|Southern Victory |
POD: September 10, 1862
In at the Death
|Type of Appearance:||Direct POV|
|Date of Birth:||1892|
|Occupation:||Soldier, Steelworker, Housebuilder, Labor organizer|
|Parents:||Stephen Douglas Martin|
|Relatives:||Susan Blake (sister)|
|Military Branch:||United States Army (Great War, Second Great War)|
|Political Party:||Socialist Party|
Chester Martin (b. 1892) was an American labor organizer and soldier. He served in both the Great War and the Second Great War. In the period between the wars and after the second war, Martin became a prominent labor leader in Los Angeles, California, where he represented construction workers.
Martin grew up in Toledo, Ohio, where he worked as a steelworker prior to the Great War. Beginning the war as a corporal in a regiment assaulting the strategic town of Big Lick, he continued to serve on the Roanoke Front for two years. While there, he was promoted to the rank of Sergeant and saved President Theodore Roosevelt's life during a sudden artillery barrage. In 1916 he was wounded during a fierce Confederate counterattack. Returning to action after a brief convalescence leave in Toledo, he was reassigned to the Northern Virginia Front as a squad leader. During the assault on northern Virginia, he found himself commanding his company due to casualties among the officers, and led the unit for a month before a replacement officer arrived.
He returned to Toledo once the Confederates surrendered. Politically, he was a Democrat, as his father was, but he turned to the Socialist Party during the post-war labor strife of 1918. During the presidential election of 1924, he met his future wife, Rita Habicht, while riding on a streetcar. They had one child, Carl, born in 1936.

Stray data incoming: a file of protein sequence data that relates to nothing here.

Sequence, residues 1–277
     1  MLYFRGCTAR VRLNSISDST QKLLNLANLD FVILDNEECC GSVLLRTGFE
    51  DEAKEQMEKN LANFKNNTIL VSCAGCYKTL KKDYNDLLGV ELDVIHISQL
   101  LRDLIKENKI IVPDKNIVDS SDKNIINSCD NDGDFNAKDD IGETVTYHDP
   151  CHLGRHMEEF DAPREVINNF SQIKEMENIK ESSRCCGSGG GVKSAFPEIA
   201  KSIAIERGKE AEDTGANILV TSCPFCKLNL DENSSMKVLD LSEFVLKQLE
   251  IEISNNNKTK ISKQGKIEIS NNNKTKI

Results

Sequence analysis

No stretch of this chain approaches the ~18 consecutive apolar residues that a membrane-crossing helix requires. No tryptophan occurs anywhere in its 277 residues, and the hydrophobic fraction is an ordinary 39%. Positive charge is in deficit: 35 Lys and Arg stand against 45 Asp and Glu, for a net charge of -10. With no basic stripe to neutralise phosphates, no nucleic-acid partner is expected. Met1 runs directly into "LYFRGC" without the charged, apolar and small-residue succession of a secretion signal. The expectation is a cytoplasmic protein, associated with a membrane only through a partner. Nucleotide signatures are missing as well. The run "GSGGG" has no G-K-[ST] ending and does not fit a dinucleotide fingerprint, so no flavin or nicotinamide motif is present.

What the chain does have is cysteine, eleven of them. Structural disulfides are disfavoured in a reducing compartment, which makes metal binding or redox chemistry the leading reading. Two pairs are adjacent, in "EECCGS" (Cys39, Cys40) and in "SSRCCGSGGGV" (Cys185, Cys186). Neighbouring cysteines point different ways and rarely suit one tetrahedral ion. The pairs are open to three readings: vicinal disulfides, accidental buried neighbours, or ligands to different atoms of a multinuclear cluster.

Martin lost his steelworking job in the aftermath of the 1929 stock market crash. Despite his determined and often frantic efforts to find new employment in Toledo, he was unable to do so. A deliveryman gave him the idea of moving to California, and so he and his family moved to Los Angeles, where he became a housebuilder. He became a local union leader during the Depression after his foreman Mordechai unfairly punished his whole crew when two workers fought. He continued to unionize the housebuilders of Los Angeles even after the start of the Second Great War. However, in the interests of his country, he entered into a truce with the local house-building tycoon, Henry T. Casson, securing recognition of the L.A. union by at least one prominent capitalist.
After hearing news reports of Confederate victories in Ohio and the Mormon Uprising in Utah, Martin visited a newly opened United States Army recruiting office, and returned to the Army in February 1942. He was sent to the Virginia front with the rank of First Sergeant. While there, he was wounded at Fredericksburg by a mortar. Upon recovery, Martin served in Irving Morrell's encirclement of the Confederate Army of Kentucky in the Battle of Pittsburgh.
Martin then served in General Morrell's army as it spearheaded the invasion of the Confederacy. During the course of events, Martin was often forced to make difficult and questionable ethical choices, including the shooting of surrendered enemy troops during combat and the execution of hostages in retaliation for the murder of US soldiers by civilian "bushwhackers". He served under Captain Hubert Rhodes for most of the remainder of the war. In 1944, his platoon was commanded by Lieutenant Boris Lavochkin. Martin grew increasingly horrified by the brutality Lavochkin inflicted upon the Confederate civilian population. Lavochkin's behavior culminated with a massacre at the South Carolina town of Hardeeville. In this incident Martin simply reacted to being shot at, only afterwards taking stock what he had done. Unlike Lavochkin, Martin suffered nightmares from the massacre for weeks afterward.
Going forward, Martin did his best to rein Lavochkin in, no easy feat given that Lavochkin was Martin's superior. Nonetheless, Martin was able to keep Lavochkin from charging into Charleston, South Carolina when all US forces were ordered to remain outside the city. Martin was vindicated when the platoon witnessed the destruction of Charleston by a superbomb, and Lavochkin maintained more personal self-control for the duration of the war.
After the war was over, Martin was permitted to leave the army as he was above the age of 50. Martin, injured once in each of the Great Wars, asked for and received a discharge. He returned to California, where he almost immediately began sparring with Harry T. Casson over labor matters.